Sir Stanford Cade was one of the pioneers of radiotherapy and worked at the Westminster Hospital between 1924 and 1960. Amongst his extraordinary output he published a thoughtful paper on the treatment of osteogenic sarcoma in the prechemotherapy era (1). He reasoned that early amputation had no impact on survival in osteosarcoma, and therefore that early metastasis was the norm. Furthermore he argued that to amputate the limbs of patients with such a poor prognosis was unreasonable and mutilating. The Cade regime therefore involved high dose radiotherapy to the primary tumour site, followed by secondary amputation if the patient survived long enough. He was able to demonstrate clinical, radiological and pathological responses to radiotherapy in this relatively radioresistant tumour. His description defined treatment for osteosarcoma in the prechemotherapy era.
Journal of the Royal College of Surgeons of Edinburgh. 1955 Dec ;1(2):79–111.
The principle of multidisciplinary team working has been enshrined in NHS culture since the publication of the NHS Cancer Plan in 2000. It is particularly important that sarcomas are managed by specialist multidisciplinary teams because many aspects of diagnosis require discussion between clinicians, radiologists and pathologists, and the multi-modality nature of treatment for many sarcomas means that coordination is needed in order to tailor treatment to the needs of the individual patient. Sarcoma specialist multidisciplinary teams should include specialists in:
- orthopaedic, plastic, general and thoracic surgery
- medical (and paediatric) oncology
- clinical (radiation) oncology
NICE guidance suggests the following:
1.13 Bone cancer and sarcoma
1.13.1 A patient who presents with symptoms suggesting bone cancer or
sarcoma should be referred to a team specialising in the
management of bone cancer and sarcoma, or to a recognised bone
cancer centre, depending on local arrangements.
1.13.2 If a primary healthcare professional has concerns about the
interpretation of a patient’s symptoms and/or signs, a discussion
with the local specialist should be considered.
1.13.3 Patients with increasing, unexplained or persistent bone pain or
tenderness, particularly pain at rest (and especially if not in the
joint), or an unexplained limp should be investigated by the primary
healthcare professional urgently. The nature of the investigations
will vary according to the patient’s age and clinical features.
• In older people metastases, myeloma or lymphoma, as well as
sarcoma, should be considered.
1.13.4 A patient with a suspected spontaneous fracture should be referred
for an immediate X-ray.
1.13.5 If an X-ray indicates that bone cancer is a possibility, an urgent
referral should be made.
1.13.6 If the X-ray is normal but symptoms persist, the patient should be
followed up and/or a repeat X-ray or bone function tests or a referral
The UK guidance on the management of bone sarcomas states the following:
The most common symptom of a primary bone tumour is pain which may be nonmechanical or night pain. The presence of bone pain at night should always be considered to be a “red flag” symptom leading to further investigation. The presence of bone swelling or a soft-tissue mass may occur later. The average duration of symptoms is 3 months although a history of 6 months or longer is not uncommon [13–15]. The presence of pain or a palpable mass arising from any bone should cause concern and lead to further investigation of which a plain X-ray is the first investigation of choice. The presence of any of the following on the X-ray is suggestive, but not diagnostic of a bone tumour and should also lead to further investigation:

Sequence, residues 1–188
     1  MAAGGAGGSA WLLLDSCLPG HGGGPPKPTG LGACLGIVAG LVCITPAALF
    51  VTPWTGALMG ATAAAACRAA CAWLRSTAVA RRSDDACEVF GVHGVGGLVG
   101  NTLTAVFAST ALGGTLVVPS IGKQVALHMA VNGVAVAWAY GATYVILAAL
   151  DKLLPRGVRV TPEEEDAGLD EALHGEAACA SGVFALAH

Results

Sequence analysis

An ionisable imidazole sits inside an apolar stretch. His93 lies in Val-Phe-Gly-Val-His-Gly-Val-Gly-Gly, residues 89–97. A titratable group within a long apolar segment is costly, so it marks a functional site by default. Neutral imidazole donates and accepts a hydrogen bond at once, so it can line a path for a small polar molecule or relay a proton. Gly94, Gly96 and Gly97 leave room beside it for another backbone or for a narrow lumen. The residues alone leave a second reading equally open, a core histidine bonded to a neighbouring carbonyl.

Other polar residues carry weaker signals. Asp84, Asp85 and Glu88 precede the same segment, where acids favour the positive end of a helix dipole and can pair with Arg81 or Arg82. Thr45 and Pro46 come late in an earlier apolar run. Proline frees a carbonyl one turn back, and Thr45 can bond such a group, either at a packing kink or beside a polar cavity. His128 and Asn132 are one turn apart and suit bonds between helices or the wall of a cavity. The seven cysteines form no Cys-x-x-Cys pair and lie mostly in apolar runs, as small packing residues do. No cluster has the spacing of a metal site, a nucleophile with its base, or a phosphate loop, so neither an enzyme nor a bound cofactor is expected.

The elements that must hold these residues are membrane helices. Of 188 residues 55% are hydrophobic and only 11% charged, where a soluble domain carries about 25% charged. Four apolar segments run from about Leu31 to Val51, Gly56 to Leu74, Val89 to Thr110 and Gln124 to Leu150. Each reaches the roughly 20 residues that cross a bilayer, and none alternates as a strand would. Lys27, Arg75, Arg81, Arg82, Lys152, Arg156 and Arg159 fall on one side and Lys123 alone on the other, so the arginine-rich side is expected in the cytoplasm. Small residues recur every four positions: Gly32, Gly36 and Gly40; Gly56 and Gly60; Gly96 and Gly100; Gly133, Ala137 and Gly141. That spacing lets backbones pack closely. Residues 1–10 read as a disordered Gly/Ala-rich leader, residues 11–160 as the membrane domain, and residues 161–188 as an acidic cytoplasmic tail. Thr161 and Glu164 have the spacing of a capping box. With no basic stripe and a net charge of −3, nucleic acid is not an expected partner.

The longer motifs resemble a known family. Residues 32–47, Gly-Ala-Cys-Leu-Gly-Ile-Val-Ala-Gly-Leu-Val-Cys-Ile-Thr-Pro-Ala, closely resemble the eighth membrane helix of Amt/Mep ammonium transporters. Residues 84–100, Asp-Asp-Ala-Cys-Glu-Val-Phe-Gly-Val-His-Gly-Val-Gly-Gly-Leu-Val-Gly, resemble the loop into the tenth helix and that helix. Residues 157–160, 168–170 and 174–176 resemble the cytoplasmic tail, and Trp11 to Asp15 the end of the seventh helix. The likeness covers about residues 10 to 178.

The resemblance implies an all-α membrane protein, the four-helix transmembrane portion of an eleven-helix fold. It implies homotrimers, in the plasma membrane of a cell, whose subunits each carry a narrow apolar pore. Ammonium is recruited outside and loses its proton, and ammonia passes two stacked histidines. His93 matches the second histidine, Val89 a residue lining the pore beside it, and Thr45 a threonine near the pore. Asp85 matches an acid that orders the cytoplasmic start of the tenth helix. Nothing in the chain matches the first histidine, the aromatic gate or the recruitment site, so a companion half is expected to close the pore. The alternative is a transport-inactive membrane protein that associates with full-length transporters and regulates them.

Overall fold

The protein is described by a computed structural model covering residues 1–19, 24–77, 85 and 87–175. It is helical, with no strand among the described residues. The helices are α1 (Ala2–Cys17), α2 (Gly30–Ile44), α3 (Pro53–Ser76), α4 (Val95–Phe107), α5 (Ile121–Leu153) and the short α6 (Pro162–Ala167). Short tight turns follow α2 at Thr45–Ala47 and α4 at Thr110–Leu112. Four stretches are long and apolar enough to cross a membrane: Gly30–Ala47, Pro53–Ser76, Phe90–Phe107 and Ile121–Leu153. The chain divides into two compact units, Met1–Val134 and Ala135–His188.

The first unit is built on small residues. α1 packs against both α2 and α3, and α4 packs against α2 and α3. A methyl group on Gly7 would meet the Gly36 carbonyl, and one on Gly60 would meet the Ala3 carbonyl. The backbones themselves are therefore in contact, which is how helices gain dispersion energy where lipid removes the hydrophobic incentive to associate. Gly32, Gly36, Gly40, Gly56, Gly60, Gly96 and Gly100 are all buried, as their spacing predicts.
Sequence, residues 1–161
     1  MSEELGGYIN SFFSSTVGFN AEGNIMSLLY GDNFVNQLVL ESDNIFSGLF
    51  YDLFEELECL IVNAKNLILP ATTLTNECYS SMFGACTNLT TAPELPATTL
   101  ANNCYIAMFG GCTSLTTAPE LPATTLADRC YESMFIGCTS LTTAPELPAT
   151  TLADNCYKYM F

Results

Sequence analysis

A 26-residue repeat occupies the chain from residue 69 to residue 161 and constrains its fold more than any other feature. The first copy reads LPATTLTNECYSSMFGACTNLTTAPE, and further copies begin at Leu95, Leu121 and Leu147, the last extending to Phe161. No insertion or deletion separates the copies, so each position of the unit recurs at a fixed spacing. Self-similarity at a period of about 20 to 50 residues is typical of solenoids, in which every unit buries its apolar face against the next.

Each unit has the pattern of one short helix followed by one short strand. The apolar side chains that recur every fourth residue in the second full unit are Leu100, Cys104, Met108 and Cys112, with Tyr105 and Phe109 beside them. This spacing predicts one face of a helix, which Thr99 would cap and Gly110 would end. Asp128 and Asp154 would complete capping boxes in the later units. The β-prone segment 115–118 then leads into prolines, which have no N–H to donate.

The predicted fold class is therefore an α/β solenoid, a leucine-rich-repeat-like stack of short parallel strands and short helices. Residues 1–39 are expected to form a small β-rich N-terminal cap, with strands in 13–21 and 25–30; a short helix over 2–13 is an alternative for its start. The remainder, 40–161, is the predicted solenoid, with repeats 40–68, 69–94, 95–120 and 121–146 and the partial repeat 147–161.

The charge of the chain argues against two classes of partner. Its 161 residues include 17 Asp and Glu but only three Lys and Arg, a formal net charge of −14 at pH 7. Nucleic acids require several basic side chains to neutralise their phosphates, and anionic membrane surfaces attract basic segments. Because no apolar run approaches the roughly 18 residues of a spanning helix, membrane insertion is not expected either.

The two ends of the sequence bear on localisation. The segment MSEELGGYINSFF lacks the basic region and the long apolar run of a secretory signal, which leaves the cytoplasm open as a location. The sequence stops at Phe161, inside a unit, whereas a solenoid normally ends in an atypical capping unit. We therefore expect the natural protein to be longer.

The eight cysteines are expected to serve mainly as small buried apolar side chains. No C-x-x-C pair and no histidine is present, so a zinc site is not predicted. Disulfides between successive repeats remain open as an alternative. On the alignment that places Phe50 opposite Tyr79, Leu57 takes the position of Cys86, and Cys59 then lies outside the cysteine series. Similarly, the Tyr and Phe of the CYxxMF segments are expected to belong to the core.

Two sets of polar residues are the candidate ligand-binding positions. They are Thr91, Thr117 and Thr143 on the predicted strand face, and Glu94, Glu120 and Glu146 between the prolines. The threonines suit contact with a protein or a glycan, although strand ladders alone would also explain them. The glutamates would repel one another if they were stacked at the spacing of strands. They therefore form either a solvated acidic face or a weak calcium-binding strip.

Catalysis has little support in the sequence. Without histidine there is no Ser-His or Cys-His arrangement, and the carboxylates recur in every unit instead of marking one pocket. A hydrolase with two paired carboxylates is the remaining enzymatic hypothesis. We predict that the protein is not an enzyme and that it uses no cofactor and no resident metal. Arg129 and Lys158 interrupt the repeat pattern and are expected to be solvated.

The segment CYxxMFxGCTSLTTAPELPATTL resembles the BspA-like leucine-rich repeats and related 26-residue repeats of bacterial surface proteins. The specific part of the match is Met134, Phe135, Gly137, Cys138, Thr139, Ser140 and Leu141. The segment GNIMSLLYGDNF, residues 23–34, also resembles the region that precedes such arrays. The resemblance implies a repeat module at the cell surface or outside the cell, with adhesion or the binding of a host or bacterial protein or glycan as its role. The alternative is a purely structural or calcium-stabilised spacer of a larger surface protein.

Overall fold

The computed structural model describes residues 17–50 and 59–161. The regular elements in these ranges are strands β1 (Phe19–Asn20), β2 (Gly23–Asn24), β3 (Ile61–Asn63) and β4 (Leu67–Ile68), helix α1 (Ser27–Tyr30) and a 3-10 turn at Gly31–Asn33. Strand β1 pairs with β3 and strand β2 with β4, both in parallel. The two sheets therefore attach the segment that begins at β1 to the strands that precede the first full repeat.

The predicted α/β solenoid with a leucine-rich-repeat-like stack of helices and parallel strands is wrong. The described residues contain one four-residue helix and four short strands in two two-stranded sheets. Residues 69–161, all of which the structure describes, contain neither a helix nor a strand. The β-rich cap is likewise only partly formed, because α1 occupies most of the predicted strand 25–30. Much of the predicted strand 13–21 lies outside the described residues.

- bone destruction,
- new bone formation,
- periosteal swelling,
- soft tissue swelling.
References UK guidelines for the management of bone sarcomas. NICE referral guidelines for suspected cancer 2005
According to Levesque et al in their excellent book “A clinical guide to Primary Bone Tumours”, the five ways in which patients with musculoskeletal tumours present are:
- A soft tissue mass
- A painless bony mass
- A bone tumour as an incidental finding
- A painful bone lesion
- A pathological fracture
The approach to each clinical scenario has a different emphasis.
Examination of the patient with a musculoskeletal tumour differs a little from a routine examination of a limb. The aim is to look for findings which support your diagnosis.
When examining a mass, you should consider the following:
- depth (superficial to deep fascia or involving/deep to it)
- shape and surfaces
- tethering of overlying skin
- draining lymph nodes
Associated features might include:
- involvement of neurovascular structures
- signs of malignancy elsewhere (eg abdominal masses)
- involvement of an adjacent joint
- other masses elsewhere (eg hereditary multiple exostoses)
Taking a history from a patient with a suspected bone or soft tissue tumour requires a different emphasis from the rest of orthopaedics. Particular features to note include:
- Length of history (is this a preexisting mass that has changed?)
- Rate of growth
- Pain history (site, character, severity, radiation, modifying factors, periodicity – is there mechanical or night pain?)
- Previous surgery at the site of interest (ie is this a local recurrence?)
- History of malignancy (could this be a metastasis?)
- History of a predisposing condition (eg Hereditary Multiple Exostoses)
- Previous radiotherapy
- Family history (think inherited disorders like Li Fraumeni syndrome)
- Symptoms suggestive of malignancy (eg weight loss, lethargy)